Discrimination High for Working Mums – Review
Tuesday, 8th April 2014 at 10:19 am
Half of Australian women have experienced discrimination in the workplace during their pregnancy, parental leave or on return to work and it’s affecting their mental health and self confidence, a review from the Australian Human Rights Commission has revealed.
The review, Supporting Working Parents: Pregnancy and Return to Work National Review, included an Australia-wide nation consultation process and two national surveys, which Australia is one of the few countries to have undertaken.
“The major conclusion we can draw from this data, is that discrimination has a cost – to women, their families, to business and to the Australian economy and society as a whole,” Sex Discrimination Commissioner Elizabeth Broderick said.
The prevalence data comes from the first nationally representative survey of women’s perceived experiences of discrimination in the workplace as a result of their pregnancy, request for or taking of parental leave, and their return to work following parental leave.
It also includes data from a survey of the experiences of fathers and partners that have taken time off work to care for their child under the “Dad and Partner Pay” scheme.
The review found that one in two women in Australia reported experiencing discrimination in the workplace during their pregnancy, parental leave or on return to work.
While prevalent at all stages, discrimination was more commonly reported as occurring upon return to work (35 per cent) followed by when requesting or on parental leave (32 per cent), and during pregnancy (27 per cent).
For fathers and partners, despite taking very short periods of parental leave, the review demonstrated that more than a quarter (27 per cent) of the father and partner respondents reported experiencing discrimination during parental leave or when they returned to work.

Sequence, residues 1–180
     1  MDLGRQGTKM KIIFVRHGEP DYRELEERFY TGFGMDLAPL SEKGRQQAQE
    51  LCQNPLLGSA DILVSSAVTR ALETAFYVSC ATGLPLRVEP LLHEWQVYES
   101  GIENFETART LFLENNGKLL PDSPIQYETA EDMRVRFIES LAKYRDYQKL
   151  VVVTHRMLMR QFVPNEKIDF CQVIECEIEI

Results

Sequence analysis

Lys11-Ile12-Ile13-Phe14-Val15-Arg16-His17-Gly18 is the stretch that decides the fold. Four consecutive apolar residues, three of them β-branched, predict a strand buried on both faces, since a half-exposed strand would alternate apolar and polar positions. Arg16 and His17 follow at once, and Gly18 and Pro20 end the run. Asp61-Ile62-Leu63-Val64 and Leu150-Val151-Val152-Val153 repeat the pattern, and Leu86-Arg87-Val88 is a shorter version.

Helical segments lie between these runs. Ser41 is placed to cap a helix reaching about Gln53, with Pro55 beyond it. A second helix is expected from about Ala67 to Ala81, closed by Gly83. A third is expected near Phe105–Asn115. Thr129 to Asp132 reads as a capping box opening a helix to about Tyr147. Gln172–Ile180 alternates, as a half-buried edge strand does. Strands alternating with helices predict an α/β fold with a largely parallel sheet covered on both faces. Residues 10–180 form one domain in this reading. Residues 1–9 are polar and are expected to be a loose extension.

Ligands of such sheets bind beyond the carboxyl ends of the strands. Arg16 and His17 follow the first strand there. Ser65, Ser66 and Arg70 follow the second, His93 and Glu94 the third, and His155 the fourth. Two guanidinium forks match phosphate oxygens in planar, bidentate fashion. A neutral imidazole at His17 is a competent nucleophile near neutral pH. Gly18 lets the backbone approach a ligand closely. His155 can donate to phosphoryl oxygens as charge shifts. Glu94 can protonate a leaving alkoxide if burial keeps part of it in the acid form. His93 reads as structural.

“The Review also found that discrimination takes many different forms ranging from negative attitudes and comments through to dismissal and that many women experience multiple forms of discrimination,” Broderick said.
“Commonly reported types of discrimination women experienced during pregnancy, or when on parental leave, included reductions in salary, missing out on training, professional development and promotional opportunities.
“The most common types of discrimination women reported experiencing on returning to work after parental leave included negative comments about breastfeeding or working part-time or flexibly and being denied requests to work flexibly.”
As a result of this discrimination, the review revealed that the vast majority of mothers (84 per cent) reported a significant negative impact related to mental health (including stress, and a negative impact on their confidence and self-esteem), physical health, career and job opportunities, financial stability and their families.
It also showed that it had a negative impact on women’s workforce participation with high numbers of women having to leave the workforce or change their employer.
Broderick said employers and business peaks found managing these issues challenging. During the consultations, she found many were putting dynamic and leading strategies in place to overcome the challenges and support their employees.
To view the full findings, click here.